After receiving a cease and desist letter from Twitter (twtr), PostGhost has shut down its website.
The site was meant to serve as an archive of deleted tweets sent out from public figures like politicians, celebrities, and prominent members of the media. TechCrunch writes that PostGhost had launched less than a week ago on July 6, which was the same day it received the cease and desist letter.
The letter stated that archiving Twitter users' deleted tweets goes against the social media website's terms of service, and it asked that PostGhost "please stop storing and displaying deleted tweets on your website." The notice comes soon after Twitter reauthorized a similar website, Politiwoops, to archive deleted tweets from politicians with the express purpose of holding public officials accountable for what they choose to say publicly.
While Politiwoops is known to be managed by the Sunlight Foundation and the Open State Foundation, two non-profits focused on transparency in government, PostGhost was established anonymously. Twitter reached an agreement with Politiwoops, allowing it to post politicians' deleted tweets.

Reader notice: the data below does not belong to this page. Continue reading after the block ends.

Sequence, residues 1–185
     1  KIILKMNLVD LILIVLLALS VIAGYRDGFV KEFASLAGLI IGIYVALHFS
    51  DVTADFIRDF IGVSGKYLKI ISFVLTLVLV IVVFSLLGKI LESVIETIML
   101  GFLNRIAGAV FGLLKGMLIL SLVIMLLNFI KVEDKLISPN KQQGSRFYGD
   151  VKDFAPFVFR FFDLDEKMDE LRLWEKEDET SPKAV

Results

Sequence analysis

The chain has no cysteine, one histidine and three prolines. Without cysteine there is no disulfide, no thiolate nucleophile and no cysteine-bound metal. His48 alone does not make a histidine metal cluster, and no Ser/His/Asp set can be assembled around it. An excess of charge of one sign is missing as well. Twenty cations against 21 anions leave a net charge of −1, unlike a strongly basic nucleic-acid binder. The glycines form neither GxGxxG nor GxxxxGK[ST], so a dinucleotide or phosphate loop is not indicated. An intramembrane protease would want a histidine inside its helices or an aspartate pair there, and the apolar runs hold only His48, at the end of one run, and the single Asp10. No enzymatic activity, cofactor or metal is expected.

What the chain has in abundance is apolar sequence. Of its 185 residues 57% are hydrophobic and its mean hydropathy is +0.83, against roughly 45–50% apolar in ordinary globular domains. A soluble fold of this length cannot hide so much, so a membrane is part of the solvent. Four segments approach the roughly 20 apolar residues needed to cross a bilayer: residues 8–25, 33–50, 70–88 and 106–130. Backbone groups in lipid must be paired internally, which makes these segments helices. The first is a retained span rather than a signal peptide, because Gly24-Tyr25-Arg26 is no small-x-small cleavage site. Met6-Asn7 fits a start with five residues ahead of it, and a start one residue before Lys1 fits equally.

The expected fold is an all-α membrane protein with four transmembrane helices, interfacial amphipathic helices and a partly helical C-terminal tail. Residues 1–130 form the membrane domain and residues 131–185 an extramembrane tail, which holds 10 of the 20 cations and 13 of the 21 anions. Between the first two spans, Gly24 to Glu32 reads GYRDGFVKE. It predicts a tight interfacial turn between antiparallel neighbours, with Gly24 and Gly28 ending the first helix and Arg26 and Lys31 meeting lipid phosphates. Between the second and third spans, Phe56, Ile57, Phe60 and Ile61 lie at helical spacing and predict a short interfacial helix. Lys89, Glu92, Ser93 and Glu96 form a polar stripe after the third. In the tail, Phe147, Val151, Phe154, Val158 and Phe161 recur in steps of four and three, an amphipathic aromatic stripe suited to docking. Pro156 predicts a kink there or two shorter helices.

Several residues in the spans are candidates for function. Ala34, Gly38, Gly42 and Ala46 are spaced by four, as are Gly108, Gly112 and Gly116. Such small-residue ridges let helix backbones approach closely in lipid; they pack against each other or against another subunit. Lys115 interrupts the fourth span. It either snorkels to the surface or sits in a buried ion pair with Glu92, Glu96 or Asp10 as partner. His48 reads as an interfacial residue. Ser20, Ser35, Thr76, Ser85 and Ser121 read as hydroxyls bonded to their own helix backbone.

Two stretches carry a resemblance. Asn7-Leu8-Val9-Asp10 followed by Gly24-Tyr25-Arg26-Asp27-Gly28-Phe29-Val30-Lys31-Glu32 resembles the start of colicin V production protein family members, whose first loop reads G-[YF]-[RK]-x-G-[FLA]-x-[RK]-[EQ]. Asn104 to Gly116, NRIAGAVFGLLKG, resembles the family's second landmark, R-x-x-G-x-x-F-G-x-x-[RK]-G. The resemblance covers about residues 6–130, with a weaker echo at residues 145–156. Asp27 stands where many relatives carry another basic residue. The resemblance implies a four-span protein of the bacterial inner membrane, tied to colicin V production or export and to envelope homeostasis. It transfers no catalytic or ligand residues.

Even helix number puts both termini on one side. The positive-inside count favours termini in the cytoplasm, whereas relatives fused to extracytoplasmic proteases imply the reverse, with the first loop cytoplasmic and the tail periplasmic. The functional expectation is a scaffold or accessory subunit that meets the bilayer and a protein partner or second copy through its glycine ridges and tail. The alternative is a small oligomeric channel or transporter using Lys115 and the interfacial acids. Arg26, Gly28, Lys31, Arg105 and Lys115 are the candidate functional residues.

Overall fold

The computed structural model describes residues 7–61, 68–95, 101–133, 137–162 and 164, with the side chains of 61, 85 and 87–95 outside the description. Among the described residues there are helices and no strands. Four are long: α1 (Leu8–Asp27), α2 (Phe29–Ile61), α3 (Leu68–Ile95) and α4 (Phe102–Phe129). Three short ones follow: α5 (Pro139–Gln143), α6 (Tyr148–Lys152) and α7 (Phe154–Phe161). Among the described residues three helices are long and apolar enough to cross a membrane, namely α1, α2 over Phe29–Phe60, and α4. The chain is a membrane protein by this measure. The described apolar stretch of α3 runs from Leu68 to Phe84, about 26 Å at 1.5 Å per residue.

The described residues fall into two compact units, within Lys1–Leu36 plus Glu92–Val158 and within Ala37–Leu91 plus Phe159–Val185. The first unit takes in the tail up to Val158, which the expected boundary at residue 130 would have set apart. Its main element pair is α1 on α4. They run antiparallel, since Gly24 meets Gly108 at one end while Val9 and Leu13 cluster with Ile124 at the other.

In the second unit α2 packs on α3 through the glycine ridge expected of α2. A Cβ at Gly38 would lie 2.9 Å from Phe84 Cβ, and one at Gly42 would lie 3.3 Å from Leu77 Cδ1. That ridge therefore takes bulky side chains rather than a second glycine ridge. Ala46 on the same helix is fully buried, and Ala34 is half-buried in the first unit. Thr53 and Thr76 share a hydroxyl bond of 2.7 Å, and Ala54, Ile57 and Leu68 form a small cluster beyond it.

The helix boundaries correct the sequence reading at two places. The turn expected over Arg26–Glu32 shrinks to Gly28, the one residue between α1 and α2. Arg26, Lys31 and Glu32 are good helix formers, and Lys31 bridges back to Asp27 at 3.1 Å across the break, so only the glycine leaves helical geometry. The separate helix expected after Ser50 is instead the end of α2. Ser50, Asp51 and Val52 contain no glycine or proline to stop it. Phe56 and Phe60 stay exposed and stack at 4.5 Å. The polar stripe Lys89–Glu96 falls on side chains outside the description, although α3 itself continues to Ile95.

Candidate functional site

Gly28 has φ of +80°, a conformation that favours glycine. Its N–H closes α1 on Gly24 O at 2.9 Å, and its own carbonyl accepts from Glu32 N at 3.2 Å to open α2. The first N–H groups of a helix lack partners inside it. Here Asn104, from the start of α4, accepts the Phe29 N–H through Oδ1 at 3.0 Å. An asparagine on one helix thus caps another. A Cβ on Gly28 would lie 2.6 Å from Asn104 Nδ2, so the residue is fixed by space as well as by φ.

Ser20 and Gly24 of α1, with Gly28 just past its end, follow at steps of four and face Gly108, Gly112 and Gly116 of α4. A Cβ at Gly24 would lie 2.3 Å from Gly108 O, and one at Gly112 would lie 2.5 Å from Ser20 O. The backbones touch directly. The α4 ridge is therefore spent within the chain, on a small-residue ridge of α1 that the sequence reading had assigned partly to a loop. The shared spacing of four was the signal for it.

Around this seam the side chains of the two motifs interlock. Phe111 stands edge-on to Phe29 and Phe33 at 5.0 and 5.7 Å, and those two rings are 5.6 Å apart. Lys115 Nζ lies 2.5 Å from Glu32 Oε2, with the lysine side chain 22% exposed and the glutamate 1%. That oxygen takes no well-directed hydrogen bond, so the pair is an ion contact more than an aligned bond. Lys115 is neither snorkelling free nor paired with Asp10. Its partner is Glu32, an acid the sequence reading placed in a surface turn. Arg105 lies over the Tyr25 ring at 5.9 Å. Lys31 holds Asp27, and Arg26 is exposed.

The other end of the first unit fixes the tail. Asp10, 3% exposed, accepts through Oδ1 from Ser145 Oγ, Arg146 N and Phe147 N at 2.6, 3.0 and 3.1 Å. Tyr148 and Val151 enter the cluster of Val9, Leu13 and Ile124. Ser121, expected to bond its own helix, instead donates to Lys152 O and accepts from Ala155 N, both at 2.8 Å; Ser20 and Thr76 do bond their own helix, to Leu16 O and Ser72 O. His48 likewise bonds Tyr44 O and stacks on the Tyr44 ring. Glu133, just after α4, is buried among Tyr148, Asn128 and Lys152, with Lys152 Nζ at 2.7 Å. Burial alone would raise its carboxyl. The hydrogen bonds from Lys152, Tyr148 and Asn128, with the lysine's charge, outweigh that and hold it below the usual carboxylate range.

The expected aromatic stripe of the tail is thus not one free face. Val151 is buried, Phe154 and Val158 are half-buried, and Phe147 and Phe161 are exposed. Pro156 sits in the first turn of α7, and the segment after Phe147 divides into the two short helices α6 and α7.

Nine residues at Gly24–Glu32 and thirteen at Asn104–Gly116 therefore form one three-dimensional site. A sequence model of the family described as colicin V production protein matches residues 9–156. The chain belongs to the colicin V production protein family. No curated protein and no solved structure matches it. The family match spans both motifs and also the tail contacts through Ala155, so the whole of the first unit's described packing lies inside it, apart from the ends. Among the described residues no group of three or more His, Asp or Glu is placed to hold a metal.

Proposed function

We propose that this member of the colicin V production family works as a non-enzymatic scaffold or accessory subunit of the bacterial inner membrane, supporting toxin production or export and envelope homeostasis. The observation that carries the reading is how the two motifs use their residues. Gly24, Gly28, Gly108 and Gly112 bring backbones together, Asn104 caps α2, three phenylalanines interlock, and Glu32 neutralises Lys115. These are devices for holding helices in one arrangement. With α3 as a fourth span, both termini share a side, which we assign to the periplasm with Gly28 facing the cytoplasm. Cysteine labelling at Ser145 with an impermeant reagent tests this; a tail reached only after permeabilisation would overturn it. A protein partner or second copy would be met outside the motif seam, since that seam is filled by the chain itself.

PostGhost had a similar goal as Politiwoops, though it didn't limit itself to just political figures. On its website, which now just displays an open letter to Twitter, PostGhost argues that "as Twitter has become a dominant platform of communication, verified users with huge follower bases influence the public dialog as much as elected officials, and should be accountable for their public statements on Twitter just as they are for public statements they make anywhere else."
PostGhost said that it hadn't reached out to Twitter to request authorization. " We believe that, since Twitter granted Politwoops permission to publish deleted tweets from politicians in the public interest, the public also has a right to see deleted tweets from the highest profile users," a spokesperson for the site told Fortune. " These users have a far greater reach than politicians." Celebrities often voice their opinions on politics and current events. PostGhost argues that, with their large followings, they could have an influence on public discourse.
The archive site still appears to have some hope. It asks those who agree with them to share the open letter and input their email address to "be updated on the status of PostGhost."